Children’s safety over marijuana industry’s profits
The Denver Post 2 October 2016
Virtually any policy debate requires leaders to sort through competing priorities. That’s certainly the case when it comes to the regulation of marijuana in Colorado.
Smart Colorado’s approach is simple: The health and welfare of kids should be the state’s top priority. If the best interest of kids conflicts with the marijuana industry’s desire to cash in, Colorado should come down squarely on the side of protecting children.
After a year of legalized recreational pot in Colorado, there is significantly more to do.
Regardless of views about adults and pot, reasonable people from all sides of this issue should be able to agree that recreational pot isn’t acceptable for those younger than 21. After all, that standard was articulated by Amendment 64, the constitutional amendment that legalized recreational marijuana.
Amendment 64 didn’t have to mean full-scale, unbridled marijuana commercialization — but the “green rush” is underway. This is especially concerning in places like Denver, where there are 308 pot shops among the total of 936 licensed marijuana facilities, which include cultivation and marijuana-infused product sites.
Quality health research takes time, so it may take years before a complete picture can emerge of the impact on kids from marijuana commercialization. In the meantime, Colorado’s kids are serving as guinea pigs in this grand experiment.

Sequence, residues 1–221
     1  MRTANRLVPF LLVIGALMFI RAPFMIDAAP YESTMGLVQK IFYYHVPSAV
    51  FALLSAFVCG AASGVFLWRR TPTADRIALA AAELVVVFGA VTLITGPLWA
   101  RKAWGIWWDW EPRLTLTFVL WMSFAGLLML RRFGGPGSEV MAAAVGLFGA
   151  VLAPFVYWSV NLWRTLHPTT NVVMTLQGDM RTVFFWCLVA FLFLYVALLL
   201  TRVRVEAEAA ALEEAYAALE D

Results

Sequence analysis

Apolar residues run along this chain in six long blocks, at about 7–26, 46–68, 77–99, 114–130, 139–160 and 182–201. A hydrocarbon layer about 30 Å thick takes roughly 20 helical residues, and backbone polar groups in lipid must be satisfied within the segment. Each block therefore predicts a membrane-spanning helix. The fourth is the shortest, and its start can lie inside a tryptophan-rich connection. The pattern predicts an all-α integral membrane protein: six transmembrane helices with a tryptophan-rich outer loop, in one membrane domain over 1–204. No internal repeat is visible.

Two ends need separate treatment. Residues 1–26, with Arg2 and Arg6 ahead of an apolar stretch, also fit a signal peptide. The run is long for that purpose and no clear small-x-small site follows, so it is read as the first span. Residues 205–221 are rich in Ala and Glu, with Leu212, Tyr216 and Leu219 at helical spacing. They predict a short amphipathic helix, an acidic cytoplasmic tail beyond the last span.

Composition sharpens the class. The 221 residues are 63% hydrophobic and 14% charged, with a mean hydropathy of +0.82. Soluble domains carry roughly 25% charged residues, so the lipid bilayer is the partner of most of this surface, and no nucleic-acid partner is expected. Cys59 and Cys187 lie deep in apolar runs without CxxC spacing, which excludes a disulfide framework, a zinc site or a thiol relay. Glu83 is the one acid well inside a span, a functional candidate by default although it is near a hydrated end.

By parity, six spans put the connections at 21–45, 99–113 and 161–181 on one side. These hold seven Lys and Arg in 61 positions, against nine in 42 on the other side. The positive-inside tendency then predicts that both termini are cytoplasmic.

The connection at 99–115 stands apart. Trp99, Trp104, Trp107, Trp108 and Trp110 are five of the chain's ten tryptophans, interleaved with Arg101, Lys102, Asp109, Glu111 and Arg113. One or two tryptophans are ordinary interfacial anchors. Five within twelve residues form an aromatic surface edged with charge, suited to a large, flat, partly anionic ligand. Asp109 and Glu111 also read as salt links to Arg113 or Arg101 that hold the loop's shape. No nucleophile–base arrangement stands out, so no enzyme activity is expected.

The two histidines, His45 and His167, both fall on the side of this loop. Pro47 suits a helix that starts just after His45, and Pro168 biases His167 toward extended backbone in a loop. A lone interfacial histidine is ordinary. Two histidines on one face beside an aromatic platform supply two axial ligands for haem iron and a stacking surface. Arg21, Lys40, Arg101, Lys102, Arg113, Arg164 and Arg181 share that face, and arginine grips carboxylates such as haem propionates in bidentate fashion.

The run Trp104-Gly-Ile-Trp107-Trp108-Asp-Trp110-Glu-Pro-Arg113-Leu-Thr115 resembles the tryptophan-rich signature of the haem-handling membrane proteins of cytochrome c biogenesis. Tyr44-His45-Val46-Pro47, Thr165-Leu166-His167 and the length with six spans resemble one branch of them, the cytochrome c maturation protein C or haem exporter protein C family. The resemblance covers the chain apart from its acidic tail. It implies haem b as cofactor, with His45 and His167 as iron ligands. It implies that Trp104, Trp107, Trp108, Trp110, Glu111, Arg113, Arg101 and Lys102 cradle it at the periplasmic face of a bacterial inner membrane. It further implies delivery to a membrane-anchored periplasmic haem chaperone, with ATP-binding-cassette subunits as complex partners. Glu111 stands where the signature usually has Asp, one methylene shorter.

And there’s significant cause for concern.
First, existing research is strong that marijuana is extremely bad for the developing brains of adolescents. So does the commercialization of Colorado’s pot increase youth consumption? Emerging evidence suggests it does.
Colorado has recorded dramatic increases in exposure to marijuana for children five or younger; a spike in treatment admissions for teens using pot at the statewide Arapahoe House network; and an increase in drug-related suspensions/expulsions at Colorado schools.
This year marked the 50th anniversary of the U.S. surgeon general’s report linking tobacco and ill health, a finding that triggered a public health crusade that continues today to reduce tobacco use.
The nation learned the hard way from tobacco that huge and irreversible damage may be done before scientific consensus converges on health risks.
When it comes to kids and pot, we think Colorado should err on the side of caution.
Colorado still can and should take more action to protect kids. We support:
• Potency limits on all forms of marijuana;
• Ensuring all marijuana edible products are clearly identifiable both inside and outside packaging;
• Strict regulations on the types of edibles allowed and prohibiting products that appeal to children such as familiar candies and snacks; and
• One uniform, transparent and enforceable marijuana regulatory structure that is at least as strict as those for tobacco and alcohol.
Most importantly, the state must ensure that Coloradans under 21 receive factual information about the demonstrated risks of using marijuana. These messages should be delivered with the urgency and power of Colorado’s youth prevention campaigns for tobacco.
Let’s not figure out too late that irreparable damage has been done and wish that we had taken stronger steps to protect the future of Colorado children. Let’s not continue to add an additional burden for Colorado youth or put them at a competitive disadvantage to youth elsewhere.
Diane Carlson is co-founder Smart Colorado, a nonprofit that formed after the passage of Colorado’s Amendment 64 in 2012.